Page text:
Migrant agricultural workers in some parts of southern Italy are “enduring extreme levels of labour exploitation and coercion, and inhumane working and living conditions,” the UN Special Rapporteur on contemporary forms of slavery, Urmila Bhoola, said after a 10-day visit to Italy. The rapporteur said that she was concerned about the fact that the basic needs of workers for water, sanitation and healthcare were not being met in informal settlements she visited.
Bhoola said it was a serious indictment that workers who generate billions of euros in agricultural exports are forced to live in shantytowns and work up to 14 hours a day. ”It raises serious questions about whether enough is being done to ensure the human rights and human dignity of migrant workers who are indispensable to Italy’s agro-economy,” Bhoola said. It is estimated that more than 400,000 agricultural workers in Italy risk being exploited and almost 100,000 likely face inhumane conditions.
During her visit, the independent expert met government officials, employer associations and trade unions, as well as exploited workers. She also visited farms, a temporary reception centre (CAS) for migrants, formal accommodation centres for migrant workers in Calabria, Apulia and Latina and the informal settlements of Borgo Mezzanone (Foggia) and of San Ferdinando (Calabria).
Conditions found by the UN rapporteur
She noted that the informal settlements are far from farms and city centres and with no public transport, workers are exploited by caporali, private labour intermediaries who also provide transport. “The caporalato system consists not only of labour brokers who supply irregular and regular migrants to farms but it is also said to be underpinned by a network of criminal syndicates and mafia groups who benefit from the exploitation in slavery-like conditions of migrant workers,” Bhoola said.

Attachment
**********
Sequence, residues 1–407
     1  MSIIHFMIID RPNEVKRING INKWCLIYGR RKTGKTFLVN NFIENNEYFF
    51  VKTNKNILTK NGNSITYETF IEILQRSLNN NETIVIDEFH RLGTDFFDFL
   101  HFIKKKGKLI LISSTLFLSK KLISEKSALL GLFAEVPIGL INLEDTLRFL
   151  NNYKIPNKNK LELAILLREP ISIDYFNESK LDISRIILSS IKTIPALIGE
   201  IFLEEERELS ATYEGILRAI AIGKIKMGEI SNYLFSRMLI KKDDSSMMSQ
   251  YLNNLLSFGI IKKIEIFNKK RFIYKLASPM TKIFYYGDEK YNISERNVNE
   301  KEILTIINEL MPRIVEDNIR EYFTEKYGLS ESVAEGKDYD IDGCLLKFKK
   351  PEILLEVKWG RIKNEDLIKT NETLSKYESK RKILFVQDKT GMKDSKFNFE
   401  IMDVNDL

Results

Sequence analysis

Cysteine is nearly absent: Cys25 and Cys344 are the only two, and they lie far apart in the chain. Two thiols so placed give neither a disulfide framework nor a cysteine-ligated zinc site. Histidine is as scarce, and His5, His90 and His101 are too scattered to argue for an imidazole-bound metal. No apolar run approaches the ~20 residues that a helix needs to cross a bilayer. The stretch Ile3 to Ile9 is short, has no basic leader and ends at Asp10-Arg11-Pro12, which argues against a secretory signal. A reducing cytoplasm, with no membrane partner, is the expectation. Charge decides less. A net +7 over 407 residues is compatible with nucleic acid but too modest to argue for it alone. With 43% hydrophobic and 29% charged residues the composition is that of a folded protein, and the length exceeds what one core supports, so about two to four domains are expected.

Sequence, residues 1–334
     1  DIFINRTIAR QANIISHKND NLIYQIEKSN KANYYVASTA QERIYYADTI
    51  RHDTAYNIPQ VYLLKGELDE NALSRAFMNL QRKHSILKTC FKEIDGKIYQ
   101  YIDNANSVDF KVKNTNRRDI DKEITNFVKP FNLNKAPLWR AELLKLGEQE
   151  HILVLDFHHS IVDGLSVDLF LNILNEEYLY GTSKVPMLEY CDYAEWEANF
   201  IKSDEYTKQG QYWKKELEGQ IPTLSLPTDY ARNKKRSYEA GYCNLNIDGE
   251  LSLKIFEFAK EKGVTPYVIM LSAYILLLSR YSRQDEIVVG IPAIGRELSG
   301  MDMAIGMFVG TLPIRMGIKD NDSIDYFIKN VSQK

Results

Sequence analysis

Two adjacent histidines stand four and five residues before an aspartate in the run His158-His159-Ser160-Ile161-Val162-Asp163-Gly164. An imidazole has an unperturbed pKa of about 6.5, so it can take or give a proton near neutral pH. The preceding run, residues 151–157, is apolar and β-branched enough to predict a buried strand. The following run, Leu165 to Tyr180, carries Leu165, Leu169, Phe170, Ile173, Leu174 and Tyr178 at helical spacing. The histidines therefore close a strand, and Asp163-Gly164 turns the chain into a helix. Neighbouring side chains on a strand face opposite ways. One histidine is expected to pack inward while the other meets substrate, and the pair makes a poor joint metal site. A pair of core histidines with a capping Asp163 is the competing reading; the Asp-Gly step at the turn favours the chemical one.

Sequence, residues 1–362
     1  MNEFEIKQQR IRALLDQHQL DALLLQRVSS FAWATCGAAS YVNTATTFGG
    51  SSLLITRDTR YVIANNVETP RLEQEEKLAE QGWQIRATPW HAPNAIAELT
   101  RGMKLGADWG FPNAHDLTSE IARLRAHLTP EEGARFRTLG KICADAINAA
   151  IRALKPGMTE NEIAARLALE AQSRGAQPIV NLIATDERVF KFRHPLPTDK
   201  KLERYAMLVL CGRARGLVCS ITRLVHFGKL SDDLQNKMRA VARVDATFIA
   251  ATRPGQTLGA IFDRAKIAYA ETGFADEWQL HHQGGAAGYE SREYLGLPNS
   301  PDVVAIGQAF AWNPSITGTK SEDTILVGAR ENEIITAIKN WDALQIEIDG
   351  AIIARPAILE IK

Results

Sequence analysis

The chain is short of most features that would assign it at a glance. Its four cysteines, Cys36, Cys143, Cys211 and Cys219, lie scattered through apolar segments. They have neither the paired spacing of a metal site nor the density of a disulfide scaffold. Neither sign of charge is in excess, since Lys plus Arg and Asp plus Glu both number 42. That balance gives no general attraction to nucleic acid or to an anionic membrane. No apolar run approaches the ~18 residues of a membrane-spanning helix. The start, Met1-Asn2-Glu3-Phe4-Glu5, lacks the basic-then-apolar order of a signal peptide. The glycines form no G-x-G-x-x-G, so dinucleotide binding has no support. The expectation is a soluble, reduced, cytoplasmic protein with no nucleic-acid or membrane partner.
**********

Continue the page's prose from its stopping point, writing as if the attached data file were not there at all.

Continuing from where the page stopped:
Most of the workers are from sub-Saharan Africa, but in Latina province about 30,000 Sikh workers from India are subjected to extreme forms of coercion, including being forced to take performance-enhancing drugs – prohibited by their religion – so they could work the 10-14 hour days in the fields.
Other forms of coercion included physical and sexual violence or threats of violence, withholding of wages and documents, and threats to their families in their countries of origin if they refused to continue doing the illegal work, the Special Rapporteur said. She commended Italy for amending its Penal Code in 2016 to prohibit caporalato and provide severe penalties for violations both by employers and caporali who exploit poor workers.
Enforcement of this law, as well as increased prevention, protection and identification of victims and perpetrators, is key to addressing the human rights violations of migrant workers, she said.